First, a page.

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Midterm Elections Define Presidents | The Nation

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John Nichols

John Nichols

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Midterm Elections Define Presidents

It is probably true that we all suffer from a bit of "most-important-election-of-our-lifetime" fatigue.

They can't all be the most important.

Why would this one matter more, say, than 2008, when a president who was supposed to transform our politics was elected?

Here's a notion: presidents are only as powerful as their first round of midterms.

Franklin Roosevelt promised America a New Deal following his landslide win of 1932, but he began to deliver fundamental change only after Democrats and third-party progressives swept the midterm elections of 1934. That's when Wall Street realized that they weren't going to be able to prevent that New Deal. The next year, we got Social Security and the Wagner Act.

Ronald Reagan was going to transform America after his landslide win of 1980, but his Republican Party lost a lot of ground in the midterm elections of 1982. Social welfare programs that Reagan wanted to downsize or eliminate survived in battered but functional form.

Bill Clinton was going to give us national healthcare and end the culture wars after he defeated President George H.W. Bush in 1992. Then came Newt Gingrich's "Republican Revolution" of 1994 and we got punitive welfare reform and the Defense of Marriage Act, as well as a Telecommunications Act that ushered in a new era of right-wing talk radio.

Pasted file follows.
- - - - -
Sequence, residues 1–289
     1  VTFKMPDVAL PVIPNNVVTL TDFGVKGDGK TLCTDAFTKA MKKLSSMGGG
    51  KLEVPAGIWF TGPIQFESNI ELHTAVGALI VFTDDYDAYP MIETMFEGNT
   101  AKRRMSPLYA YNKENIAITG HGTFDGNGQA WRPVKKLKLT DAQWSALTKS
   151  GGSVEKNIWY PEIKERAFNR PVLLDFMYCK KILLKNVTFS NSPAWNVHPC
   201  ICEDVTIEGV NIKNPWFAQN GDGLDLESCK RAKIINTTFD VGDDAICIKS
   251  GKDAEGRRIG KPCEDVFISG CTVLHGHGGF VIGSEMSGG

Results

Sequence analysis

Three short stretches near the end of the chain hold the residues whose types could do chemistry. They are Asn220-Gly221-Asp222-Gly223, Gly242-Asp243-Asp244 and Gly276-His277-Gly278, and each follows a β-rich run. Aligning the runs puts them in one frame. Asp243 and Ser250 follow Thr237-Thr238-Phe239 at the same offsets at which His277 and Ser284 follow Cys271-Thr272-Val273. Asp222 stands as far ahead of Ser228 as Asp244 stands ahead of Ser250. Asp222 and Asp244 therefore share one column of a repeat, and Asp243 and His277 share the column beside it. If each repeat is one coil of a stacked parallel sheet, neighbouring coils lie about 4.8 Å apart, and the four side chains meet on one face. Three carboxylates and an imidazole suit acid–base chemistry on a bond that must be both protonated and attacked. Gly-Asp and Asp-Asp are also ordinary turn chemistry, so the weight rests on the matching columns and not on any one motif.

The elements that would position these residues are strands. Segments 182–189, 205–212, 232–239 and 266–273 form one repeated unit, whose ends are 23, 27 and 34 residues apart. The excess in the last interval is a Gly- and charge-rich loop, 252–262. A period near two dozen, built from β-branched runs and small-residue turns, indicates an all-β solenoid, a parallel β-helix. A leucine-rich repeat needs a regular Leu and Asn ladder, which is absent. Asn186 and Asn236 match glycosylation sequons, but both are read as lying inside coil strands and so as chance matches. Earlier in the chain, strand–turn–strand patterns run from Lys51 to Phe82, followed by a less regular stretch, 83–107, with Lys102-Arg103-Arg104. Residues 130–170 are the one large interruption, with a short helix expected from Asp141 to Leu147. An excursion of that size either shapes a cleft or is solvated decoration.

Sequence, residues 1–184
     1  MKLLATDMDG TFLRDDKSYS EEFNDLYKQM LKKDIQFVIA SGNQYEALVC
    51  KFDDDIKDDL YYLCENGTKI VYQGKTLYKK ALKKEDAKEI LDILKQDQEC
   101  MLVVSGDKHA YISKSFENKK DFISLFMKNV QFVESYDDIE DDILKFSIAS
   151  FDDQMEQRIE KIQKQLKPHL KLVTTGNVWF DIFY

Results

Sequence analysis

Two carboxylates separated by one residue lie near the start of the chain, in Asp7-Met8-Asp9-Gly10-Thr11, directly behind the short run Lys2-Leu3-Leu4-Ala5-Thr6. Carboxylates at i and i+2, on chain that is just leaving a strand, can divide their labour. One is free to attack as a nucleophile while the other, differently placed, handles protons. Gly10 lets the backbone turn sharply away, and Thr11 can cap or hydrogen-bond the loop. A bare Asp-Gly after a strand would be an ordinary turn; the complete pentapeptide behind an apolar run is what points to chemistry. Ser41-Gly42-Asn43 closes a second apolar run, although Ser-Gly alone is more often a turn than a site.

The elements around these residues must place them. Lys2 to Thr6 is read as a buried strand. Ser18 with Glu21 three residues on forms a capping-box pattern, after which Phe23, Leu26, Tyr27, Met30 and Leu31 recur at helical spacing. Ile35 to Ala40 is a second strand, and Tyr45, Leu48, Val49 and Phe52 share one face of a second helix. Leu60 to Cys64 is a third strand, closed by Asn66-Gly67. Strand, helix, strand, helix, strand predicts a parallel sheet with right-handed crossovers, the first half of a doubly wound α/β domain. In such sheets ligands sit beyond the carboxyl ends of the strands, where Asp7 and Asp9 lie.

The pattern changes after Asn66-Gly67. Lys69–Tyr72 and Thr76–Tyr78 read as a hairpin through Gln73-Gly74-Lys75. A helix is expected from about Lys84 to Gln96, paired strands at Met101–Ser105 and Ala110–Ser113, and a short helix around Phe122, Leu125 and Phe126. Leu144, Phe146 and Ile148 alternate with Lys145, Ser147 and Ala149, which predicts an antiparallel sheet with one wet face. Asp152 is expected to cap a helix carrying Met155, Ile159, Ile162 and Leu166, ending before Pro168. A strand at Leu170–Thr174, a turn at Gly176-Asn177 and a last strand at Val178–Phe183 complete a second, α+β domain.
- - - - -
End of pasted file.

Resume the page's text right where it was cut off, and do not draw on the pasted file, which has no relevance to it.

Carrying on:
George W. Bush became president in 2000 only with the help of the Supreme Court his dad helped pick. But in 2002, Republicans swept House and Senate races and there was no stopping the rush to war in Iraq and unprecedented abuses of power at home.

There is every reason to be critical of the compromises and missteps of the Obama presidency. He should have opted for single-payer healthcare and real banking reform. He should have opted against extending the occupation of Afghanistan—for a start.

But elections are not measures of where we have been; they are indications of where we are going. If Democrats lose the House today, as the polls suggest is likely, the first two years of the Obama presidency will be recalled by progressives as the good old days. If Democrats lose the House and Senate, as could happen, they will be recalled as a Golden Age. And if antiwar, anticorporate stalwarts such as Wisconsin Senator Russ Feingold and Arizona Congressman Raul Grijalva are swept out on an anti-Obama wave, there will be a new definition of the word "disappointment."

But this is not about emotions. This is about the cold truth that whatever promise Obama brought with him to Washington in January 2009, will be dashed or realized based on the Congress that arrives in January 2011. That's not a political appeal, an endorsement or a threat. That's a practical political reality—based on the historical record of the American presidency.

Obama and his aides might prefer a different measure. But they won't find one in the history books—at least not in the history books of times such as these.

Midterms matter.

And this midterm matters more—as it will tell us whether the hopes and dreams, the promise and the promises of 2008 were real.

For that reason, above all others, voting is not an option. It is an essential step on the American journey, as what happens today will define the Obama presidency—and the nation—in every bit as meaningful a way as did the midterms elections of 1934, 1982, 1994 and 2002.

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